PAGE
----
The Maslach Burnout Inventory is a tool utilized to quantify the three theoretical components of burnout syndrome: emotional exhaustion, depersonalization and personal achievement. The inventory is presented as a list of 22 statements about personal attitudes or feelings, such as”I’m burned out from my work.” This inventory’s recipients express the frequency with which they experience emotions. Confirmatory factor analysis is a tool analysts and scientists use to test the validity of theories. The Maslach Burnout Inventory has been analyzed using confirmatory factor analysis to test both its usefulness as a predictor of burnout and its inherent assumption that burnout has three main components.
Confirmatory factor analysis can be used to test the propositions of an idea. It statistically analyzes the correlation between a problem and its assumed solution by measuring the number of”correct answers” available. If a problem has several great solutions, the problem is considered unidentified since it does not have a single best solution. Studies using confirmatory factor analysis have always proven that Maslach Burnout Inventory is a useful instrument in the identification of burnout syndrome. On the other hand, the analysis of Maslach Burnout Inventory’s premise of three main components of burnout syndrome is inconclusive.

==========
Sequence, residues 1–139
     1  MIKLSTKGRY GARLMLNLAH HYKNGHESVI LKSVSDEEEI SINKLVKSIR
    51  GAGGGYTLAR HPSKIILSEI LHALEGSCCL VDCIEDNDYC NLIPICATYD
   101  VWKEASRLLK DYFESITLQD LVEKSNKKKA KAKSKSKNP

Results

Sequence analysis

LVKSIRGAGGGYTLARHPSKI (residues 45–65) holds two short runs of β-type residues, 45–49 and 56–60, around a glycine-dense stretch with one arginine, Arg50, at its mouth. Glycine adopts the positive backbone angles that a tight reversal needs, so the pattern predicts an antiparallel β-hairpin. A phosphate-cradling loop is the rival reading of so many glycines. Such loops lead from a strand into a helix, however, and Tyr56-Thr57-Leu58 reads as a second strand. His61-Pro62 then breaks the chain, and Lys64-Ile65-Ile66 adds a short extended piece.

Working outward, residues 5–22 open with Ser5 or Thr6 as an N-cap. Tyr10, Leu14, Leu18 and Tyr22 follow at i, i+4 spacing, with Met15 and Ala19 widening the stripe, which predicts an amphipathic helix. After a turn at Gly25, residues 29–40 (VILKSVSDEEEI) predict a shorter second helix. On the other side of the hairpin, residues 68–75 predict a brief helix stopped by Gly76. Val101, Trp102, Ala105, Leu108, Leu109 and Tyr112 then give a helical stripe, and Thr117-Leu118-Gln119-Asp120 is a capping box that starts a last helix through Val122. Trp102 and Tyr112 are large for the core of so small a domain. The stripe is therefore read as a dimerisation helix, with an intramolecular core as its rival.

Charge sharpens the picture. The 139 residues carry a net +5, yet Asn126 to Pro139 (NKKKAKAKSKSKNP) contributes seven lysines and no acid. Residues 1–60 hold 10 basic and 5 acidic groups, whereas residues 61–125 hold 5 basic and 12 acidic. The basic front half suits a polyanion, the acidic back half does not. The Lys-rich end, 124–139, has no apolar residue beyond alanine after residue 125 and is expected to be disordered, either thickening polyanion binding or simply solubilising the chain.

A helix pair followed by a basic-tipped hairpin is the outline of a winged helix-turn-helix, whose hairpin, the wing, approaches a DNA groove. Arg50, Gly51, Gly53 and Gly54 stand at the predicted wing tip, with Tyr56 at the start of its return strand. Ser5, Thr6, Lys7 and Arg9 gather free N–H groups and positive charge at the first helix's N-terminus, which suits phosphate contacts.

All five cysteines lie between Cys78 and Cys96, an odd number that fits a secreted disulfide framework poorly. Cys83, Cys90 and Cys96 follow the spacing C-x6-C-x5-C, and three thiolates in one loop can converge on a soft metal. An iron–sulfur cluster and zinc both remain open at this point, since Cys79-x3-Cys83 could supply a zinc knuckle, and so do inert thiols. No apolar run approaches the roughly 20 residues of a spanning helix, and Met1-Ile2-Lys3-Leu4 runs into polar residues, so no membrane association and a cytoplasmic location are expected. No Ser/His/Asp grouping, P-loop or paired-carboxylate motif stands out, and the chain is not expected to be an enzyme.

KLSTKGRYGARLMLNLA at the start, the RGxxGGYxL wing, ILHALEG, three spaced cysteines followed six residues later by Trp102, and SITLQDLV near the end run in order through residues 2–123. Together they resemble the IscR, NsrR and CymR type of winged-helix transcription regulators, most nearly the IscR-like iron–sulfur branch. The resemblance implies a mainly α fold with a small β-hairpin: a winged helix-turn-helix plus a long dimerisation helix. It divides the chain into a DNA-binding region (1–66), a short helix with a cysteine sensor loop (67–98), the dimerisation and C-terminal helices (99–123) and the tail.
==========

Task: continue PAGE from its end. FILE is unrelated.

The basic premise of the Malsach Burnout Inventory is that burnout is triggered by three main variables: exhaustion, depersonalization and personal accomplishment. Depersonalization is a psychological term that refers to feelings of loss of personal identity and of being an anonymous cog within an impersonal social machine. Several studies, including research completed on teachers in Queensland, Australia by the Australian Catholic University, have performed positive confirmatory factor analysis on the three-dimensional nature of burnout.
Other studies using factor analysis of the Maslach Burnout Inventory indicate a arrangement to burnout: exhaustion and depersonalization. By way of example, a research on Greek midwives by Michael Galanakis at the Panteion University of Political and Social Sciences, using the Maslach Burnout Inventory, revealed only two variables: psychological exhaustion–as a main factor–and depersonalization.